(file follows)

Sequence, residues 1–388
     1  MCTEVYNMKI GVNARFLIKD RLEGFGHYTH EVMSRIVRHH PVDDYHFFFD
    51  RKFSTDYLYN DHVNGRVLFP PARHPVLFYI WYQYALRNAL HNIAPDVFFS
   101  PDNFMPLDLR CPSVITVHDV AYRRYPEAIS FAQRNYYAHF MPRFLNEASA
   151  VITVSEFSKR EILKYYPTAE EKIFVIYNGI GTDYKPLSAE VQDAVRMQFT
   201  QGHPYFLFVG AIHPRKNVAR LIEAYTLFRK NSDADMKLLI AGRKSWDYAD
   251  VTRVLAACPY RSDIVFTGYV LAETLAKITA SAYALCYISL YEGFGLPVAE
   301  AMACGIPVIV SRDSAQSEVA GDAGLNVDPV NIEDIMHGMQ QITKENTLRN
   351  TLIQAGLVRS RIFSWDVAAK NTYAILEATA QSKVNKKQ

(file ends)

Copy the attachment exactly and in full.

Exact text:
Sequence, residues 1–388
     1  MCTEVYNMKI GVNARFLIKD RLEGFGHYTH EVMSRIVRHH PVDDYHFFFD
    51  RKFSTDYLYN DHVNGRVLFP PARHPVLFYI WYQYALRNAL HNIAPDVFFS
   101  PDNFMPLDLR CPSVITVHDV AYRRYPEAIS FAQRNYYAHF MPRFLNEASA
   151  VITVSEFSKR EILKYYPTAE EKIFVIYNGI GTDYKPLSAE VQDAVRMQFT
   201  QGHPYFLFVG AIHPRKNVAR LIEAYTLFRK NSDADMKLLI AGRKSWDYAD
   251  VTRVLAACPY RSDIVFTGYV LAETLAKITA SAYALCYISL YEGFGLPVAE
   301  AMACGIPVIV SRDSAQSEVA GDAGLNVDPV NIEDIMHGMQ QITKENTLRN
   351  TLIQAGLVRS RIFSWDVAAK NTYAILEATA QSKVNKKQ